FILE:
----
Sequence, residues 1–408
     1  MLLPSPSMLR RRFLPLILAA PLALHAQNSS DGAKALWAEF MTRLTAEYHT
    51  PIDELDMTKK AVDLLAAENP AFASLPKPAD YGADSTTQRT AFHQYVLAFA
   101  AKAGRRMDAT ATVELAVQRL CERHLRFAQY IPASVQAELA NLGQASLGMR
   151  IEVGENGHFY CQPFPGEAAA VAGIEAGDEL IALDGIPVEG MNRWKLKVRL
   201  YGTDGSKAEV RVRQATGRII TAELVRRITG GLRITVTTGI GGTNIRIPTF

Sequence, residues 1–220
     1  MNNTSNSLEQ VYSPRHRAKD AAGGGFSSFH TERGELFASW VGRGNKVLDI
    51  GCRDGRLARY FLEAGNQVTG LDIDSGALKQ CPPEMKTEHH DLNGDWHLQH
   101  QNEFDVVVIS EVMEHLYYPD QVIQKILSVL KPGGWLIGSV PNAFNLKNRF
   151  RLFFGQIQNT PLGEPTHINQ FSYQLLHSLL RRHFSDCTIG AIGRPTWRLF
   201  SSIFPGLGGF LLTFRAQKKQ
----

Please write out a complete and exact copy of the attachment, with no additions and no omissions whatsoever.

Sequence, residues 1–408
     1  MLLPSPSMLR RRFLPLILAA PLALHAQNSS DGAKALWAEF MTRLTAEYHT
    51  PIDELDMTKK AVDLLAAENP AFASLPKPAD YGADSTTQRT AFHQYVLAFA
   101  AKAGRRMDAT ATVELAVQRL CERHLRFAQY IPASVQAELA NLGQASLGMR
   151  IEVGENGHFY CQPFPGEAAA VAGIEAGDEL IALDGIPVEG MNRWKLKVRL
   201  YGTDGSKAEV RVRQATGRII TAELVRRITG GLRITVTTGI GGTNIRIPTF

Sequence, residues 1–220
     1  MNNTSNSLEQ VYSPRHRAKD AAGGGFSSFH TERGELFASW VGRGNKVLDI
    51  GCRDGRLARY FLEAGNQVTG LDIDSGALKQ CPPEMKTEHH DLNGDWHLQH
   101  QNEFDVVVIS EVMEHLYYPD QVIQKILSVL KPGGWLIGSV PNAFNLKNRF
   151  RLFFGQIQNT PLGEPTHINQ FSYQLLHSLL RRHFSDCTIG AIGRPTWRLF
   201  SSIFPGLGGF LLTFRAQKKQ